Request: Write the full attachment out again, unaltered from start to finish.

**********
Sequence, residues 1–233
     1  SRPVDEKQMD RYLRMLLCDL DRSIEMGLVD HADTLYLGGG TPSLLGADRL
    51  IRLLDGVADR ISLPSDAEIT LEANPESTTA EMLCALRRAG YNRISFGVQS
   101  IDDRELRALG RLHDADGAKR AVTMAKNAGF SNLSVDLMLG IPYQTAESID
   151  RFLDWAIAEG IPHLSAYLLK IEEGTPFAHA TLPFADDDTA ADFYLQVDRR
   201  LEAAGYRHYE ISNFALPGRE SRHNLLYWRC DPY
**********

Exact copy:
Sequence, residues 1–233
     1  SRPVDEKQMD RYLRMLLCDL DRSIEMGLVD HADTLYLGGG TPSLLGADRL
    51  IRLLDGVADR ISLPSDAEIT LEANPESTTA EMLCALRRAG YNRISFGVQS
   101  IDDRELRALG RLHDADGAKR AVTMAKNAGF SNLSVDLMLG IPYQTAESID
   151  RFLDWAIAEG IPHLSAYLLK IEEGTPFAHA TLPFADDDTA ADFYLQVDRR
   201  LEAAGYRHYE ISNFALPGRE SRHNLLYWRC DPY